Sometimes I forget that not everyone reads every word I write. So, when I get a question like this one from ‘Slick Biff’ of San Diego, Calif., I realize that sometimes a longer explanation is needed.
What is Bluetooth and what does it do?
Bluetooth is a short-range wireless connectivity standard intended to replace hard-wired connections. It provides a way to connect and exchange data information between devices such as personal digital assistants (PDAs), cellular phones, laptop and desktop computers, printers and digital cameras.
It is primarily used for communication over distances of a few feet. It’s perfect to get small devices to talk to each other, such as a printer and a camera or a cell phone and a laptop.
Bluetooth uses completely different technology than Wi-Fi wireless networking, which is meant to connect many devices at the same time and over distances of a few hundred feet. Wi-Fi also allows for faster wireless connections. (While "Wi-Fi" and "wireless" are often used interchangeably in casual use, Wi-Fi is just one kind of wireless networking — think Kleenex vs. tissue.)
The name Bluetooth was born from the 10th century king of Denmark, King Harold Blatand (Bluetooth in English) who engaged in diplomacy that led warring parties to communicate. It is quite a fitting name for a modern-day technology for getting different devices to talk to each other.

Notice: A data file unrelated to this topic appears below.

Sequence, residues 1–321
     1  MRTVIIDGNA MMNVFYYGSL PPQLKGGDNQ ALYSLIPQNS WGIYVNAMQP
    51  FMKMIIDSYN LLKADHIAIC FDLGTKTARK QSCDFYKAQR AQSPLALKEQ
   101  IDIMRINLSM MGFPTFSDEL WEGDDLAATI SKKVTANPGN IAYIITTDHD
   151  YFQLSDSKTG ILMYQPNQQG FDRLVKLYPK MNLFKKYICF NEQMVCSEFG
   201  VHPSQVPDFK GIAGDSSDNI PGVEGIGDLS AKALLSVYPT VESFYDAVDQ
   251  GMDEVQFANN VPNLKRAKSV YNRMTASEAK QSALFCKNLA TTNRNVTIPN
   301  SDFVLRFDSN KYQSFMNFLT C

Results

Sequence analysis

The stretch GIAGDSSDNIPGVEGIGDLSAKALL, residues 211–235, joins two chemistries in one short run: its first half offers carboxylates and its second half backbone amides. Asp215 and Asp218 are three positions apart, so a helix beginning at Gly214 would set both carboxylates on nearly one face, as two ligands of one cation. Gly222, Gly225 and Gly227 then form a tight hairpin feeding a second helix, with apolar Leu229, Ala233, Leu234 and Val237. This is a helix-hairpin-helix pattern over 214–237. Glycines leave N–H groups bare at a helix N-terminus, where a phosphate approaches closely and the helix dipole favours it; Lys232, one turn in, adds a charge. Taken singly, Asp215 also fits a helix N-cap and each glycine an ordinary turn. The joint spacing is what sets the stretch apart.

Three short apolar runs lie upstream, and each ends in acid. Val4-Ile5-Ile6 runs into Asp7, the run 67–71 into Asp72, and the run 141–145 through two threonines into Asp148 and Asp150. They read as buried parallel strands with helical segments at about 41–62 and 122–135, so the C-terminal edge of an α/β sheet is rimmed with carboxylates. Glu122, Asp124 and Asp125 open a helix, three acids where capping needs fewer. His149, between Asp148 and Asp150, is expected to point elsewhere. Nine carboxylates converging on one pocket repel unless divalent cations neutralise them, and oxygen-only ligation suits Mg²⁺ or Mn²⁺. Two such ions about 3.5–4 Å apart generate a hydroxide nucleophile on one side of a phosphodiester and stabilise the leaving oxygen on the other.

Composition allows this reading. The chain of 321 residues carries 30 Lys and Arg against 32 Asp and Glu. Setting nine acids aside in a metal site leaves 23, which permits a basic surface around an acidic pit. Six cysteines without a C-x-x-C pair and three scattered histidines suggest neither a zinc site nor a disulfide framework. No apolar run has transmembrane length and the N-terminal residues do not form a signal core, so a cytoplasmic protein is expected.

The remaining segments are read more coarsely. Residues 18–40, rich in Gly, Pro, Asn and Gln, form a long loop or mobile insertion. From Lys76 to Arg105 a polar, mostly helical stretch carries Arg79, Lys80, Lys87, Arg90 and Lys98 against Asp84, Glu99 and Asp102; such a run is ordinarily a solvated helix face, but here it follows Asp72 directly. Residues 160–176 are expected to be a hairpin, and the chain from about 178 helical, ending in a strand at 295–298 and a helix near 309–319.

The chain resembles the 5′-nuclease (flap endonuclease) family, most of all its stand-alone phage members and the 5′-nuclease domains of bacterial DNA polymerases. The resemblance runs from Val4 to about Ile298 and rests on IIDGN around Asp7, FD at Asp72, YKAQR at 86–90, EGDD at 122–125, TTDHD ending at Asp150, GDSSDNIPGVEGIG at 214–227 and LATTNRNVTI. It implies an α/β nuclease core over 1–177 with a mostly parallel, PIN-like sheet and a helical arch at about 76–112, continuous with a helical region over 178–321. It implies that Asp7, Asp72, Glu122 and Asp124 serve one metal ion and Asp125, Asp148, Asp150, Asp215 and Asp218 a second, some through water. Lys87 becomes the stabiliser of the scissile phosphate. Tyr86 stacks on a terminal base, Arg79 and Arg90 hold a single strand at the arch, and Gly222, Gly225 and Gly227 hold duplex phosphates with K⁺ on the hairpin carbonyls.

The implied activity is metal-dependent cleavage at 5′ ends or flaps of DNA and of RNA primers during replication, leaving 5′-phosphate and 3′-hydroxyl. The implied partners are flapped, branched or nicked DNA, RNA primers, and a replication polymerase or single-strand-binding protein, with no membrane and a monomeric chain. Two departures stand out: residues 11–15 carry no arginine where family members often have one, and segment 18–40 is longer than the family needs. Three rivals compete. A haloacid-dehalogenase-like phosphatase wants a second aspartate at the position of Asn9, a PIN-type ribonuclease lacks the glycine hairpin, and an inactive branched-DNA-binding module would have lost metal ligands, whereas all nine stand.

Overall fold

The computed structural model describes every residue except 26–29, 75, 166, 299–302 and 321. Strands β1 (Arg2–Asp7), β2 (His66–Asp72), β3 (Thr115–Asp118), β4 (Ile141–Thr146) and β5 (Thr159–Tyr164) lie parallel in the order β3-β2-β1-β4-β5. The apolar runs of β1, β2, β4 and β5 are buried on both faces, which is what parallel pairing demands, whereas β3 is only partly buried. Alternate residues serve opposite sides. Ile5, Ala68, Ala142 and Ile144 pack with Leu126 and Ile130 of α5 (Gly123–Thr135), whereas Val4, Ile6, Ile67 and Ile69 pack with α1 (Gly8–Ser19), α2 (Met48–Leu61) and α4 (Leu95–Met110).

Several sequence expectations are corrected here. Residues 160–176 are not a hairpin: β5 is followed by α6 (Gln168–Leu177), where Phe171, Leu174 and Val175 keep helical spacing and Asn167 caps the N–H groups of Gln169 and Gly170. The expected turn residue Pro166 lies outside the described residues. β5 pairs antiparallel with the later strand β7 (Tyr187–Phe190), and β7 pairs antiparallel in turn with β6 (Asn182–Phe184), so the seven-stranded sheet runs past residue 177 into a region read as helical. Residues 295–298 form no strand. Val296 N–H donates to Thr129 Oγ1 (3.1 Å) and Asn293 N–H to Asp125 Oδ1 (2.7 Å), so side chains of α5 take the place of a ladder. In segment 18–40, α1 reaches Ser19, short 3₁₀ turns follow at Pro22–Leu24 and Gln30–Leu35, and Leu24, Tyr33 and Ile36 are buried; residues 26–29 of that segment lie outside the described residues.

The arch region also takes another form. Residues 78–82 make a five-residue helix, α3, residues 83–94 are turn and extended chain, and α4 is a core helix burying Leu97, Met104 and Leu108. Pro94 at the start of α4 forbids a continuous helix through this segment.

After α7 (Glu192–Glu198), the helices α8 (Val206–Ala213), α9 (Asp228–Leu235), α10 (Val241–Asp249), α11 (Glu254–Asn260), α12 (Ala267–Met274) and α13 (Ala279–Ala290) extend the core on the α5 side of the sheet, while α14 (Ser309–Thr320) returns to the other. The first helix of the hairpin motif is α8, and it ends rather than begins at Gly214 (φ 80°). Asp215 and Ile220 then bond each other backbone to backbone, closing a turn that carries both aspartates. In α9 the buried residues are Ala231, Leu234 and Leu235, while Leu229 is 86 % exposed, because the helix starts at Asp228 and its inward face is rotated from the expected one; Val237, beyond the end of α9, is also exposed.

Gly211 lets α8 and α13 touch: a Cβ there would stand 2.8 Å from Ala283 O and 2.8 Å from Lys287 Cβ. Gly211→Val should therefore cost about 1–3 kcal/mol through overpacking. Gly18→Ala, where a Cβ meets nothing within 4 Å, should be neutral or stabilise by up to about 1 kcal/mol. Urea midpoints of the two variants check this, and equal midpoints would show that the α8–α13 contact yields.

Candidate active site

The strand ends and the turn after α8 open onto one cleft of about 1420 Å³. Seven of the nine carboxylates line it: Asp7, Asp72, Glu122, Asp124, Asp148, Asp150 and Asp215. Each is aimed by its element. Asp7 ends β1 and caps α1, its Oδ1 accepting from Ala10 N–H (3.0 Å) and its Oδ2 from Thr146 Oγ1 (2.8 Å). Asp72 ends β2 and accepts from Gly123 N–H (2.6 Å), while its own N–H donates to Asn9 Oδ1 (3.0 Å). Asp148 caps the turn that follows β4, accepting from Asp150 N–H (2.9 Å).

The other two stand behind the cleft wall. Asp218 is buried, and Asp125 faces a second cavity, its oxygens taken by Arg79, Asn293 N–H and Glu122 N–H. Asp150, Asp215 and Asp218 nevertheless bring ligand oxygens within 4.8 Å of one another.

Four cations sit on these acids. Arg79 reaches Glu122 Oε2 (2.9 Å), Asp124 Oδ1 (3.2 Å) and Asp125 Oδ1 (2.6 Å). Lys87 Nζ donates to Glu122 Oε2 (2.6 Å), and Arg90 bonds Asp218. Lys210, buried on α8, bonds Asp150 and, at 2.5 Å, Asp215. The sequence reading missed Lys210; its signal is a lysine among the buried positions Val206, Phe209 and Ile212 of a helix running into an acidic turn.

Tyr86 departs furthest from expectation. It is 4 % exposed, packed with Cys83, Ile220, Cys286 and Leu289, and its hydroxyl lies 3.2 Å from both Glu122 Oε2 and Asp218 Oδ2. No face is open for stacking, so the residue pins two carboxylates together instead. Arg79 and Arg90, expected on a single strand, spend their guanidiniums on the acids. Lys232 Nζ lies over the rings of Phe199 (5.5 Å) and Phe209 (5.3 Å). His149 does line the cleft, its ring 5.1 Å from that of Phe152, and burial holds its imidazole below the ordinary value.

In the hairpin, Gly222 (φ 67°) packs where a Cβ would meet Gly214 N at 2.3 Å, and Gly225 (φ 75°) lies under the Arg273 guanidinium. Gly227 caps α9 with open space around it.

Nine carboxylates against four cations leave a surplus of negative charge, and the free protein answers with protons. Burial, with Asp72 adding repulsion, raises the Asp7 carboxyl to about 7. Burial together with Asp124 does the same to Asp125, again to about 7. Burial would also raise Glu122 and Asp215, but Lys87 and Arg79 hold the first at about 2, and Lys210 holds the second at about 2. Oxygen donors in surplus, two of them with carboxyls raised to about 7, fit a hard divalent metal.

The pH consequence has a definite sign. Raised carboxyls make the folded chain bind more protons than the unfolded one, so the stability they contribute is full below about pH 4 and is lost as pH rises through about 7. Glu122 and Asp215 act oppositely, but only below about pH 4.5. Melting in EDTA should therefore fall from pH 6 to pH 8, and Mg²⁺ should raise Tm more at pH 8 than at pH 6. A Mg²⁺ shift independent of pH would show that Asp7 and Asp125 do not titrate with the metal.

John Clendenin from Bowie, Maryland asks about confusing new HDTV terms — and what exactly he’ll be able to watch:
I just purchased a 26 inch flat screen JVC billed as HD ready. Are you saying that it will not show high def unless I hook it up to a tuner? That would run contrary to what the folks at Circuit City told me. They said I could buy a high-def antenna and plug it in and I could receive HDTV. On the back it has a coax connection that reads HDTV.
HD ready could mean a number of things. It could mean that if you plug in an HD source — whether it’s an HDTV disc system or a high-definition tuner — that your TV will be able to show you a high definition picture.
It could also mean that there’s an HD tuner built-inside and all you have to do is attach a proper antenna to watch local HD broadcasts (as well as any HD discs, etc.)
I currently own two "HD ready" televisions. One is described in category one, the other in category two. In your case, it sounds like the Circuit City salesperson was describing the second option.
The coax connection on the back of your new TV can accept a cable, satellite or antenna feed. It should be possible to watch HDTV via any of those choices.
K.C. Bohannon asks about a very useful television set-up tool that I wrote about:
A while back you reported on a diagnostic DVD for plasma TVs. I remember that you liked it, and recommended the DVD. Any chance that you could remind your readership of the name of that tool?
That would be my pleasure. The DVD I recommend is Sound & Vision’s "Home Theater Tune-up." All you have to do is play the DVD and follow each instruction. The DVD’s host will guide you, step-by-step, on how to get the most from any TV in your home.